I’ll be honest: we knew almost nothing about Seward when we decided to move here.
On our trip from Homer back to Anchorage, we dropped by¹ and did a drive-through of the town (that didn’t take long). I also met the team at the facility where I hoped to work, and I liked the place and the people instantly. Seward also had a good word-of-mouth buzz, both from tourists we talked to at Denali and locals that we met in Anchorage and other places. The latter carries extra weight—when an Alaskan tells you they like something within their state, you should pay attention.
That being said, the wise thing would’ve been to spend a little more time in Seward before moving all of our belongings cross country, committing long-term to a job, and moving to this tiny, remote town. But that’s how we roll, man.
Our year in Ketchikan, Alaska, plus an announcement!
We left home the day after college graduation. Dale picked me up from my parents’ house, the house I grew up in, and I told my parents and sister goodbye. I was 23 but still so attached to my parents that you might say it was via umbilical cord, yet here I was, moving thousands of miles away. I climbed into the Ford Ranger, its camper stuffed with our belongings, and turned to give my house one more look. Then I started to cry. Even after we had hit the highway and were headed north, tears continued to stream down my face. It started to rain, a storm so heavy that Dale could barely see, but he said later that no way was he going to stop; I would’ve made him turn back. I cried until we hit Dallas, and then, suddenly, I quit looking back, and the tears stopped.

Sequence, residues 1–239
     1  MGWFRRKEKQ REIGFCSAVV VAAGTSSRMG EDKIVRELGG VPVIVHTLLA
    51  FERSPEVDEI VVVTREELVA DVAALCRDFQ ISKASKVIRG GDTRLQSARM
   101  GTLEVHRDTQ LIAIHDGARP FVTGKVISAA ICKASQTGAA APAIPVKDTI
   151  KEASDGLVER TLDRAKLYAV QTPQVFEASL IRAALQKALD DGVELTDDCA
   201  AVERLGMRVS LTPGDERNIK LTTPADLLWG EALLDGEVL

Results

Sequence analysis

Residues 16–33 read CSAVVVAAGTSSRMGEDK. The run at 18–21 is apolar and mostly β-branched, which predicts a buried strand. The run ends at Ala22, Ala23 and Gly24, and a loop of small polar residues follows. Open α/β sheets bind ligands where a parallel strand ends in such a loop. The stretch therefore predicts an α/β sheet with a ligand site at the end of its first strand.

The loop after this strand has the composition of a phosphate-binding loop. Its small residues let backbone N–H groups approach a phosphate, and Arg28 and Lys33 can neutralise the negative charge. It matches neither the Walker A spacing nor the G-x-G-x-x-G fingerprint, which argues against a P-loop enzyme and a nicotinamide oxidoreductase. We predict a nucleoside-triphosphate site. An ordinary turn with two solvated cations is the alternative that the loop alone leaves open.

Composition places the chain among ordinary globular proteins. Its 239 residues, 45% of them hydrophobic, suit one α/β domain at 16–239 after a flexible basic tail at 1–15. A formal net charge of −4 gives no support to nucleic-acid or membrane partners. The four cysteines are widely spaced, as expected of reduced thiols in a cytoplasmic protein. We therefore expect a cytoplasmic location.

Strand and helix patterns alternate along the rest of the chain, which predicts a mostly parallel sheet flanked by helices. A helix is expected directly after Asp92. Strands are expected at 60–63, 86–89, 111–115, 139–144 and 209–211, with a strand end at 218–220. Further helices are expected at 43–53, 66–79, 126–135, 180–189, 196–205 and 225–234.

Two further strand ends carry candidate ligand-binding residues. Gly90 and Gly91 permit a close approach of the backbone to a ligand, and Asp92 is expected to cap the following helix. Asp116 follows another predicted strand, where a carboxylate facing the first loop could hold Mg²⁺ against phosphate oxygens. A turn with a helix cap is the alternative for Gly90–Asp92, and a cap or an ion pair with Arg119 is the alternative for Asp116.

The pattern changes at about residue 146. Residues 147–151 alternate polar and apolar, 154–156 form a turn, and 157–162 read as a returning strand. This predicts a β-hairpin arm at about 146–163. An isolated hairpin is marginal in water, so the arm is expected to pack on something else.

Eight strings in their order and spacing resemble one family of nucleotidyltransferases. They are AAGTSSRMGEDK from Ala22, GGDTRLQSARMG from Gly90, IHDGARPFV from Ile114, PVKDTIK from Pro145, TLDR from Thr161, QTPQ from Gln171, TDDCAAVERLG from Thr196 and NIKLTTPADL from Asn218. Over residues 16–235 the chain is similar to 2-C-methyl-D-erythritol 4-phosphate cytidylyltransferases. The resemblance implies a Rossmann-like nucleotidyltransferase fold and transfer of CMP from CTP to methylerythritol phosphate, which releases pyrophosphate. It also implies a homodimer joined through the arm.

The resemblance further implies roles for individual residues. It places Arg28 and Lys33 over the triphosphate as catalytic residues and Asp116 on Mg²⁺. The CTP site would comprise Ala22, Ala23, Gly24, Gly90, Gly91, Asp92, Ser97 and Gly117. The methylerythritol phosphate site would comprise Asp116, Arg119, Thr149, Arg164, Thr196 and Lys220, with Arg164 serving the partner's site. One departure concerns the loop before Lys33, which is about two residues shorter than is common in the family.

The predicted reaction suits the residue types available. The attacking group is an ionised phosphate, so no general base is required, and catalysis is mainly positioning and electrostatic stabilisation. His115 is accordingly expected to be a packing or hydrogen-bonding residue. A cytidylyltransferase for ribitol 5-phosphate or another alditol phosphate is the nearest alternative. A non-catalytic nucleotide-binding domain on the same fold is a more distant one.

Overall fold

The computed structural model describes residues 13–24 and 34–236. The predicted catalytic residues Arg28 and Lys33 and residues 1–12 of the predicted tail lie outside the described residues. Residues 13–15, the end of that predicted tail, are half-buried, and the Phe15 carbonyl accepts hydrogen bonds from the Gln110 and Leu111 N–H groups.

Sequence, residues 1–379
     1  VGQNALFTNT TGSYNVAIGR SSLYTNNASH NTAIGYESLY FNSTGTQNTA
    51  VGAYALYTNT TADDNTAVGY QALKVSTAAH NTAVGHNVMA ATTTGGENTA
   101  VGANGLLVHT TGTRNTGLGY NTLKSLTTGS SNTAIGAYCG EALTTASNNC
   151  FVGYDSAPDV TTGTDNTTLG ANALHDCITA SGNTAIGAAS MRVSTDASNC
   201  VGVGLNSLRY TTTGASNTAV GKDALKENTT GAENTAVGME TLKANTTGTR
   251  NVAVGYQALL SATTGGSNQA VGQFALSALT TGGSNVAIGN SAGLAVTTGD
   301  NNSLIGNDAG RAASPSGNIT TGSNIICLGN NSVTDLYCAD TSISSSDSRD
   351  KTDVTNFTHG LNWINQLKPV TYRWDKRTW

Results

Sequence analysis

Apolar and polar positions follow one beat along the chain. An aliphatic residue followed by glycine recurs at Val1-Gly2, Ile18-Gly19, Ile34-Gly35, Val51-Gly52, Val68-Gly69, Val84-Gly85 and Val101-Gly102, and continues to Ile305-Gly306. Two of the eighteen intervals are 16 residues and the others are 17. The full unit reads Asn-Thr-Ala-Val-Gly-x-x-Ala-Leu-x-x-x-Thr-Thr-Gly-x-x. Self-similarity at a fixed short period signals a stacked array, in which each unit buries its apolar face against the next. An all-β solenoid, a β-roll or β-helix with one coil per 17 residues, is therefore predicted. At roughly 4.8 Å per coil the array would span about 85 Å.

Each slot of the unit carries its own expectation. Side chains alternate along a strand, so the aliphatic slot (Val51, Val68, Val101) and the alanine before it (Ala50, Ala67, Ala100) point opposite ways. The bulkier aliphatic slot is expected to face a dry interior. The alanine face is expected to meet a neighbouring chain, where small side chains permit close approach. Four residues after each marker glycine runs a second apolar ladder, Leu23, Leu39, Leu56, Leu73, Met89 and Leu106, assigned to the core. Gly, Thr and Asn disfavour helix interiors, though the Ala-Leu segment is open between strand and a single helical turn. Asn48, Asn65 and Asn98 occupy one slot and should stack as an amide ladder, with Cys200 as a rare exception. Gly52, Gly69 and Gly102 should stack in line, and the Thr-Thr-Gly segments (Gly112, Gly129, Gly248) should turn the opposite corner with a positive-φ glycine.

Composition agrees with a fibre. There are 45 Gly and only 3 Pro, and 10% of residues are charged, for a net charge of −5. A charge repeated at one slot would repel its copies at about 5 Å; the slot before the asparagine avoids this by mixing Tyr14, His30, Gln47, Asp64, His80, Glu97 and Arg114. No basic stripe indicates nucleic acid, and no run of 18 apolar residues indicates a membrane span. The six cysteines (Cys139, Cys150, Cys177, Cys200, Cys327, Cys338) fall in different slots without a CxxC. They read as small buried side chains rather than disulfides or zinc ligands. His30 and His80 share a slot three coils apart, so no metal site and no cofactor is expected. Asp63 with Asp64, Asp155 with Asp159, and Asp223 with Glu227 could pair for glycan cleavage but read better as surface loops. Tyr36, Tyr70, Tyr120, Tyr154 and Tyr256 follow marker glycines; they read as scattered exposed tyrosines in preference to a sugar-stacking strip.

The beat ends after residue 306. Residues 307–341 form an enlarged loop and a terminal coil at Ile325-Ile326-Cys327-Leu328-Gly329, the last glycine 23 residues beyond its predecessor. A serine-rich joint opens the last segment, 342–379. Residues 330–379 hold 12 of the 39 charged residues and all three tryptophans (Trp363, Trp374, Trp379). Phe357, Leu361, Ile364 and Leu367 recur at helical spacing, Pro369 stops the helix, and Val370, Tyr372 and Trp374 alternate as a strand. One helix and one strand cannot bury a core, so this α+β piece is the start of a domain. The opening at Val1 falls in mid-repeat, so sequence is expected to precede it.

It was May, 1993, and Dale and I were moving from New Braunfels, Texas, to Alaska.
One month in: Random thoughts about the camping life
“So… can I return to using porta-potties and baby wipes after two weeks’ of indoor plumbing?”
“Will we be OK with going back to an air mattress again?”
These were questions that we’d been bracing ourselves for.
I mean, I hog the sheets and Dale tends to take up more than half the bed, issues that become more pronounced when you’re sleeping on an air mattress more appropriate for a large child than two adults.
But we’d adapted, you know? We were sleeping well, and I’ve mostly gotten over my squeamishness about using public bathrooms. We’d made some good progress.
But, after four weeks of camping, we’ve now moved indoors for side trips to Las Vegas, Idaho, Portland, and Seattle. These were planned stops and we knew this time was coming, but we had to wonder–would our return to the civilized world for two weeks thwart our desire to go back to the nomadic life?